Most reviewers didn’t seem to mind the bump at the top of the screen that houses the phone’s top speaker and front-facing cameras, but some noted that many apps might not yet use the entire screen effectively. (That is, other than Mashable’s Lance Ulanoff, who loved the design of the X, barring the notch: “All of it is so beautiful, save for that peninsula of darkness at the top—the notch that intrudes on the otherwise perfect industrial design of the iPhone X.”)
But be warned: It’s likely that people will not stop arguing about the notch anytime soon. “Unfortunately, I have a feeling tech pundits will debate the merits and drawbacks of the notch for the next several weeks,” Kovach said.
The phone is great, but a steep investment
The iPhone X has a lot of enjoyable features, but it essentially has the same innards as the $200-cheaper iPhone 8 Plus (barring the FaceID cameras). “Do you need an edge-to-edge display and facial recognition and the ability to turn yourself into an animated poop emoji? Of course not,” as BuzzFeed’s Nicole Nguyen summed it up. “But is it a damn good phone? Yes it is.”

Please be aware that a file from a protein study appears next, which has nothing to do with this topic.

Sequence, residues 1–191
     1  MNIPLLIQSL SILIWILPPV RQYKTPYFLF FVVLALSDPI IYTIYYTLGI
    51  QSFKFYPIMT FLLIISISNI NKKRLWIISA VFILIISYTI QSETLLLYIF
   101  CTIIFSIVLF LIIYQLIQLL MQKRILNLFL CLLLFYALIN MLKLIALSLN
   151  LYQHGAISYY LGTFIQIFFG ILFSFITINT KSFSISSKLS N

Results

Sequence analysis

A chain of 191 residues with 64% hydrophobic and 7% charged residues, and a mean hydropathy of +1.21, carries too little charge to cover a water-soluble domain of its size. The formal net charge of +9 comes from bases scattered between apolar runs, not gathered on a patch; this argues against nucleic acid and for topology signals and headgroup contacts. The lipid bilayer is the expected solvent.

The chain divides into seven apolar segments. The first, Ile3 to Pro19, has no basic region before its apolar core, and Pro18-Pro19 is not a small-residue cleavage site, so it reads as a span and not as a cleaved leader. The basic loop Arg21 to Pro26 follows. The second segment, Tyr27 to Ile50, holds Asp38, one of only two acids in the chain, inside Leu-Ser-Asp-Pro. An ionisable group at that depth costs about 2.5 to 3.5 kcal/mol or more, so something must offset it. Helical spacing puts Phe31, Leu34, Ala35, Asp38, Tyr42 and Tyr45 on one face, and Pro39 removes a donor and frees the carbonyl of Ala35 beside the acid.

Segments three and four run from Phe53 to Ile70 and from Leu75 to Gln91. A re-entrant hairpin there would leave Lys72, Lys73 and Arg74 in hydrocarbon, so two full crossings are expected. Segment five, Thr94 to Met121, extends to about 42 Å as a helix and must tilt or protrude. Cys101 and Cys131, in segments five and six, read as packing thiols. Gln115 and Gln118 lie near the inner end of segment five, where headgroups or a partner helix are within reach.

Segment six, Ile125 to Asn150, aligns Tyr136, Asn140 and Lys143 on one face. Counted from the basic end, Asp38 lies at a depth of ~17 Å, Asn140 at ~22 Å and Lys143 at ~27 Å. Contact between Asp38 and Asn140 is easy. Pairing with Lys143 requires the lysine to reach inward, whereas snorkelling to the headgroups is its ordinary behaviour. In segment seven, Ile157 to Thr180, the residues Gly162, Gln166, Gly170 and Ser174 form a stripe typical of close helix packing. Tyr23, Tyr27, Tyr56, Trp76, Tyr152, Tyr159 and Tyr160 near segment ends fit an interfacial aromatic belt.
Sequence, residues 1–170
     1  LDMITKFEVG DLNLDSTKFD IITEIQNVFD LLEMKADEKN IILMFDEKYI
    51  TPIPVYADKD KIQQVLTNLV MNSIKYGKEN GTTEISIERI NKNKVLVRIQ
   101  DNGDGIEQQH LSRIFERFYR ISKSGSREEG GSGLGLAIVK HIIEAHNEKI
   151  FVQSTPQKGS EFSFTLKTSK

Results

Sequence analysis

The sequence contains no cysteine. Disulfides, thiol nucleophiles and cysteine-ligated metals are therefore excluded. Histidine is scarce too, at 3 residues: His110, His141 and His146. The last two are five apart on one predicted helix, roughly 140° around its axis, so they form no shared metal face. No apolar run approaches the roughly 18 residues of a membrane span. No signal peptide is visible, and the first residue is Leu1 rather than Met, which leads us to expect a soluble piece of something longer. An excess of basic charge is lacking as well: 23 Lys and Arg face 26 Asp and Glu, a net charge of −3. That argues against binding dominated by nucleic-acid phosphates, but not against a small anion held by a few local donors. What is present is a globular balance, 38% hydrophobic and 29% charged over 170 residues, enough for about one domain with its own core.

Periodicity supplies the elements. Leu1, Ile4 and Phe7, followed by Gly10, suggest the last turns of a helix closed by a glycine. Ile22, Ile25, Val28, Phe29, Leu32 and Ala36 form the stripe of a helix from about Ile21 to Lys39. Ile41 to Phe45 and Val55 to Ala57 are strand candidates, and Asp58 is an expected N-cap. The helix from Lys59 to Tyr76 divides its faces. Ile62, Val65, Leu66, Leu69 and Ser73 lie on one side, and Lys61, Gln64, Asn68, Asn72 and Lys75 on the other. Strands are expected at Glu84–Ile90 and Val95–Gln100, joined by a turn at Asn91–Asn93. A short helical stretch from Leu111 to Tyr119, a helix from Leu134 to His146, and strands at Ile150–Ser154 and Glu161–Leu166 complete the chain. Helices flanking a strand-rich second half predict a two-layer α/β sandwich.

So unless you have upwards of $1,000 to spare and you must always have the latest technology, you might not need to purchase the iPhone X when it’s available in stores on Nov. 3.
“Animojis are addictive,” Baig said of the phone’s new augmented-reality emoji, which map the movements of your face onto a series of emoji.
“The age of talking poos is here,” Engadget’s Chris Velazco said.
“Battery life on the iPhone X is decent, but not stellar,” Nguyen said.
“The display is noticeably longer than on other iPhones, or indeed other smartphones,” Forbes’ David Phelan said.
“It’s the most fun I’ve had with any gadget since the original iPhone,” iMore’s Rene Ritchie said.
“A decade in, this product reveals Apple’s redefinition of what the iPhone (and iOS) should be,” Six Colors’ Jason Snell said.
“The iPhone X gives a great first impression,” Kovach said.
“iPhone X places iPhone firmly in the direction of the original vision Jony Ive and Apple’s industrial designers had for iPhone when it was still an R&D project 12 years ago,” Above Avalon’s Neil Cybart said. “Apple wants iPhone hardware to melt away, leaving just the user interacting with software.”
“The future is surprisingly familiar,” Velazco added.